Who doesn’t love a good blockbuster? Big budgets, thrilling action, and entertaining set pieces will continue to drive audiences to the movies, and for good reason. However, cinema art can also provide us with great moments that capture our curiosity and spark our imagination. In fact, some of the most critically acclaimed movies of all-time, and many Academy Award® winners, could be labeled as “cinema art.”
So, what is “cinema art?” Frequently produced and distributed outside the major studio system on a relatively small budget, cinema art movies typically handle serious matters in an artistic and often experimental way, geared towards more of a niche market rather than for a mass audience. In an artform where social realism takes precedence, on-location filming is favored over studio sets and sometimes amateur actors are even used.
Stretching back to the origin of movies, the genre has provided some of the most recognizable and talented filmmakers in cinema who have put their uncompromising visions onto the screen with a unique flare and style that is all their own. Foreign language movies are also included in this genre, recognizable by many of the same features with the addition of subtitles, although rarely referred to as “cinema art” in their respective countries. Instead, they are more commonly known as “auteur” or “national” cinema, the former originally coined in France to distinguish filmmakers of the French New Wave (a movement and form of European cinema art from the 1950s and 1960s).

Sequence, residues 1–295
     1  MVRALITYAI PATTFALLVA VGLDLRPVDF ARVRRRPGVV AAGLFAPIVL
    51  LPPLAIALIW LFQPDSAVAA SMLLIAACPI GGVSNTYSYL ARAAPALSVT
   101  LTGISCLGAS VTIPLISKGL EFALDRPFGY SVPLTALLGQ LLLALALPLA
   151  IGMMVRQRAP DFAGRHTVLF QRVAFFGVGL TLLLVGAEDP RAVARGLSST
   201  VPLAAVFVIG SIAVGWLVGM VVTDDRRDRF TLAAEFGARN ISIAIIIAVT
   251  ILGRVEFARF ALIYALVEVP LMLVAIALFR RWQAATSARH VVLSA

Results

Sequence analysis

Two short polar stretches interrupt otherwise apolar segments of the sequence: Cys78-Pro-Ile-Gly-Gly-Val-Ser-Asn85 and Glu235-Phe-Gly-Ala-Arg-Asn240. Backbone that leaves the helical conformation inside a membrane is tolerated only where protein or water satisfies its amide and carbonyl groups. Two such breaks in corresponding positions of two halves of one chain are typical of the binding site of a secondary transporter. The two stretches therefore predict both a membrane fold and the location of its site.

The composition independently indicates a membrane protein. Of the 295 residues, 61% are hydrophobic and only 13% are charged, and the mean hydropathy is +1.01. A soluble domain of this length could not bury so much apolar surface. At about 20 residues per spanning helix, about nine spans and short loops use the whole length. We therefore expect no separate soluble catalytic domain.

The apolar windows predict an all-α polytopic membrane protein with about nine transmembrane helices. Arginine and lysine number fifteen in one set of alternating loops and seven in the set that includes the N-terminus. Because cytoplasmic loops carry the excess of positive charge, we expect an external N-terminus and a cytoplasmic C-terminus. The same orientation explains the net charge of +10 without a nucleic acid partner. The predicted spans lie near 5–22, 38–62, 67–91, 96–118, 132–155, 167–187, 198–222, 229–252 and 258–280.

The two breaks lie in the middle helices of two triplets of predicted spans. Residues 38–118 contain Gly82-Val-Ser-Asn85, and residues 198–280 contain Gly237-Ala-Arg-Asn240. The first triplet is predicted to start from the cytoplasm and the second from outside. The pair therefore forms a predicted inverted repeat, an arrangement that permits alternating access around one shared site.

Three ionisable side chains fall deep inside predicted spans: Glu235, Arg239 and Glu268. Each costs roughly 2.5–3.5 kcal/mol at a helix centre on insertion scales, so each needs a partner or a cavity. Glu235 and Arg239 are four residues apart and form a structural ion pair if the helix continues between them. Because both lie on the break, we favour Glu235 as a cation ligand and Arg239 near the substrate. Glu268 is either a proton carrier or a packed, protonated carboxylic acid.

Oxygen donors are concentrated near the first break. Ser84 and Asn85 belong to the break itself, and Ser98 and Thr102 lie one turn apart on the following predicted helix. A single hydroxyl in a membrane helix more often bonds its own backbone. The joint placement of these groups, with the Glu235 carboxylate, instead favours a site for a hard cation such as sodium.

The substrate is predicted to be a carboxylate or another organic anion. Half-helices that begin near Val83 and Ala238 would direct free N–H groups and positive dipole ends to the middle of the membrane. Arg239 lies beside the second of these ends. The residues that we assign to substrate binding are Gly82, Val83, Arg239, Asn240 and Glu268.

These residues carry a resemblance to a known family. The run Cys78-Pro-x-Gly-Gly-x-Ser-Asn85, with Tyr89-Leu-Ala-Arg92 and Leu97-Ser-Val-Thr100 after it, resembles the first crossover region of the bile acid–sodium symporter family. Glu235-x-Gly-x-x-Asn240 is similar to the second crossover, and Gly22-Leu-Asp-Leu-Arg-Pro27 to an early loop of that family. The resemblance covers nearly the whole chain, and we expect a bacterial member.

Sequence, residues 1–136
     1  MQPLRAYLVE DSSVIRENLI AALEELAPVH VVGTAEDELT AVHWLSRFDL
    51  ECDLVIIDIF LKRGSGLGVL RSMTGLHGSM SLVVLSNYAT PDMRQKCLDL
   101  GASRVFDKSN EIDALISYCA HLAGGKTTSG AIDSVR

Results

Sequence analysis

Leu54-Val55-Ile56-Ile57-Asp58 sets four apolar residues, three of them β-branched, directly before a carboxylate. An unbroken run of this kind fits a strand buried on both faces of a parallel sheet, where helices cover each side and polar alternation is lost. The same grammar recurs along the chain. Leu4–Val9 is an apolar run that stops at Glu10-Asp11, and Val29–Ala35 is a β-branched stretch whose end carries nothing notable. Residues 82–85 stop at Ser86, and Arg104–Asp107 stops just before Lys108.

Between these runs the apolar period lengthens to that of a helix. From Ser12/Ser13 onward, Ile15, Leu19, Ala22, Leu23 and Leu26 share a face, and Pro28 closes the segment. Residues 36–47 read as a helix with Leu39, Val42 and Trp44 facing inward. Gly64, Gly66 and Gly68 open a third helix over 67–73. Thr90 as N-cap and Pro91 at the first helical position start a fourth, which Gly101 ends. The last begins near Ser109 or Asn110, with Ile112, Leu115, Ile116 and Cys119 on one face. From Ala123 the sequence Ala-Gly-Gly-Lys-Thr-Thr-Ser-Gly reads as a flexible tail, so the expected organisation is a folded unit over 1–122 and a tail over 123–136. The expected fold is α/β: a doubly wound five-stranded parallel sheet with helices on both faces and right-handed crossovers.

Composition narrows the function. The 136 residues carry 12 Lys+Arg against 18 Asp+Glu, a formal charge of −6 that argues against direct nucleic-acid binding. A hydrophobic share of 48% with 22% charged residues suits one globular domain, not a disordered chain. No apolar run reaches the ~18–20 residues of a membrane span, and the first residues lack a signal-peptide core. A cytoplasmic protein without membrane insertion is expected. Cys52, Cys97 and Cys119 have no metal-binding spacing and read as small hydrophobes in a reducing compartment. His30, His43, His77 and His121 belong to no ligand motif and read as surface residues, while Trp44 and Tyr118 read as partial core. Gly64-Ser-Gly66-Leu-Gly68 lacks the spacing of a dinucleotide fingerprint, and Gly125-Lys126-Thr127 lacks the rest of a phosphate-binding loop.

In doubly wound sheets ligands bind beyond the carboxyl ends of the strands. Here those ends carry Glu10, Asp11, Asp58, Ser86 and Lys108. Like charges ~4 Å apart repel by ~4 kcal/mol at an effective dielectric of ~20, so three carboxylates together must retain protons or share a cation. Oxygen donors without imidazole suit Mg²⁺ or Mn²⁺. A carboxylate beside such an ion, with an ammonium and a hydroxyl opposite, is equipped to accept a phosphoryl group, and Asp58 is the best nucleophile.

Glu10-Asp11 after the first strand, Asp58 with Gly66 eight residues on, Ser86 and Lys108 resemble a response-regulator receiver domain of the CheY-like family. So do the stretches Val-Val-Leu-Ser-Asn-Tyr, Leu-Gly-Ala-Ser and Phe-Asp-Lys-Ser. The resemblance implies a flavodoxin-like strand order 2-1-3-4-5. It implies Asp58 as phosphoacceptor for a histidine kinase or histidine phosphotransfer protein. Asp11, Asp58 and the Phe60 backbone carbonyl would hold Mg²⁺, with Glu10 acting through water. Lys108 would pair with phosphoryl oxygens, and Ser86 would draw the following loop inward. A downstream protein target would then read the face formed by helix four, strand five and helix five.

Below are a couple cinema art movies to keep an eye on this week as they debut in select Regal theatres nationwide:
Runtime: 1hr 53min
Starring: Alfre Woodard, Aldis Hodge, Danielle Brooks, Wendell Pierce, John Churchill
Directed By: Chinonye Chukwu
Written By: Chinonye Chukwu
Years of carrying out death row executions have taken a toll on prison warden Bernadine Williams. As she prepares to execute another inmate, Bernadine must confront the psychological and emotional demons her job creates, ultimately connecting her to the man she is sanctioned to kill.
Runtime: 2hr 19min
Starring: Carol Duarte, Julia Stockler, Fernanda Montenegro
Directed By: Karim Aïnouz
Written By: Murilo Hauser (screenplay) and Inés Bortagaray (co-screenplay) & Karim Aïnouz (co-screenplay)
Rio de Janeiro, 1950. Eurídice, 18, and Guida, 20, are two inseparable sisters living at home with their conservative parents. Although immersed in a traditional life, each one nourishes a dream: Eurídice of becoming a renowned pianist, Guida of finding true love. In a dramatic turn, they are separated by their father and forced to live apart. They take control of their separate destinies, while never giving up hope of finding each other. A tropical melodrama from the director of Madame Satã.
Invisible Life (originally titled A Vida Invisível) is Brazil’s Official Submission for International Feature Film at The 92nd Academy Awards.